Norway and Russia in the Arctic: New Cold War Contamination?
Journal article, Peer reviewed
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Original versionArctic Review on Law and Politics. 2018, 9 382-407. DOI: 10.23865/arctic.v9.1334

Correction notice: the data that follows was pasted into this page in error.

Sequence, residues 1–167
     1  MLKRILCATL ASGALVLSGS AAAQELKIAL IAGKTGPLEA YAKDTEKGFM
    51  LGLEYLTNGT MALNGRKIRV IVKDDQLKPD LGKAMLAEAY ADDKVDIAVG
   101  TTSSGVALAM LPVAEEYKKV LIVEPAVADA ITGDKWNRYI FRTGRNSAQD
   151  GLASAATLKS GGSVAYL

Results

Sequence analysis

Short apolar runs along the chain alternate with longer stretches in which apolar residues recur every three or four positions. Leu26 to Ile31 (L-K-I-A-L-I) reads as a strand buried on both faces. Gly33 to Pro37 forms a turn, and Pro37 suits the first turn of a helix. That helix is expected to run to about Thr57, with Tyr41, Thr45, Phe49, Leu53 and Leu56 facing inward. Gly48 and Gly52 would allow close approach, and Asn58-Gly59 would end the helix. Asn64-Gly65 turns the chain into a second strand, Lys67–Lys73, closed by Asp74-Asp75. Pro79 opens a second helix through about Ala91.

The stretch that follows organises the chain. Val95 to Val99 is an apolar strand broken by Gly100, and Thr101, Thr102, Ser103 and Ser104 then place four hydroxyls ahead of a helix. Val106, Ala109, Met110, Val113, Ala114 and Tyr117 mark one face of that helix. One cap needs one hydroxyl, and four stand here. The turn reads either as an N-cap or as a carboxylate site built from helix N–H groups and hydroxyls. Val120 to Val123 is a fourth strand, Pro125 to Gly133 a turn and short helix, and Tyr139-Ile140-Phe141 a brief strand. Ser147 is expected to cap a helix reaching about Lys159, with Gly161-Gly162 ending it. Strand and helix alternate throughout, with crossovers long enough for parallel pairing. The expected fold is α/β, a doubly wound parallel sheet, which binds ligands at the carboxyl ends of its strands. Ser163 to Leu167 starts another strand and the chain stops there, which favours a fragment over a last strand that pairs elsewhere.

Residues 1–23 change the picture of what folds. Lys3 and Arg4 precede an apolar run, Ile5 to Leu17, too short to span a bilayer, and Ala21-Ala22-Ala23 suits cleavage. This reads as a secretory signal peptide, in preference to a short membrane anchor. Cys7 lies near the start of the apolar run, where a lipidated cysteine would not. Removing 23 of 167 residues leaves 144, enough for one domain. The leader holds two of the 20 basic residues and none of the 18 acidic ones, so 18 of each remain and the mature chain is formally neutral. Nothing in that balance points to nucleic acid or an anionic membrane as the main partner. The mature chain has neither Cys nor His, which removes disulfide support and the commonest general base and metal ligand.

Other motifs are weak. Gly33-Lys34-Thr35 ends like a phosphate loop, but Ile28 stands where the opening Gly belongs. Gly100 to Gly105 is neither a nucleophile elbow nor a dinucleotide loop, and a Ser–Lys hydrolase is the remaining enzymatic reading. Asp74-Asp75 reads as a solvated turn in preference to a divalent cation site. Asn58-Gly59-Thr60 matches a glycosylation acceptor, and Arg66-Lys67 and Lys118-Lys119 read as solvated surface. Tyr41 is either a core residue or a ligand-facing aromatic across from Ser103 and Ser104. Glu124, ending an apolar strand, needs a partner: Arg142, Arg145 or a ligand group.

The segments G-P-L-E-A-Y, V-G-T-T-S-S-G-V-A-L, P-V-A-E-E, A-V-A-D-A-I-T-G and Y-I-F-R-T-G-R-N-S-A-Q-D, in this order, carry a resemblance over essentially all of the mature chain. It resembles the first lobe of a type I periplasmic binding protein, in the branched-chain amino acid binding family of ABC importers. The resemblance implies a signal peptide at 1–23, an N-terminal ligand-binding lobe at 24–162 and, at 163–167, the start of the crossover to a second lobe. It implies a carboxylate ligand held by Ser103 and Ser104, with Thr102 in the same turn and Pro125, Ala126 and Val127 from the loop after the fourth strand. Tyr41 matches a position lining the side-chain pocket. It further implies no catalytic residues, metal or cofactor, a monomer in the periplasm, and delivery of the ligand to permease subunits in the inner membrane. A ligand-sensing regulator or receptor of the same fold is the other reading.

The standoff between Russia and the West over Ukraine has already obstructed cooperation across a range of issues. Could it also affect state interaction between Norway and Russia in the Arctic—an area and a relationship long characterized by a culture of compromise and/or cooperation? Here we start from the theoretical premise that states are not pre-constituted political entities, but are constantly in the making. How Russia views its own role and how it views other actors in the Arctic changes over time, calling for differing approaches. That holds true for Norway as well. To clarify the premises for interaction between Russia and Norway in the Arctic, we scrutinize changes in official discourse on Self and Other in the Arctic on both sides in the period 2012 to 2016, to establish what kind of policy mode—“realist,” “institutionalist,” or “diplomatic management”—has underlain the two countries’ official discourse in that period. Has Norway continued to pursue “balancing” policies undertaken in the realist mode with those in the diplomatic management mode? Which modes have characterized Russia’s approach toward Norway? Finding that realist-mode policies increasingly dominate on both sides, in the conclusion we discuss how the changing mode of the one state affects that of the other, and why a New Cold War is now spreading to the Arctic.Norway and Russia in the Arctic: New Cold War Contamination?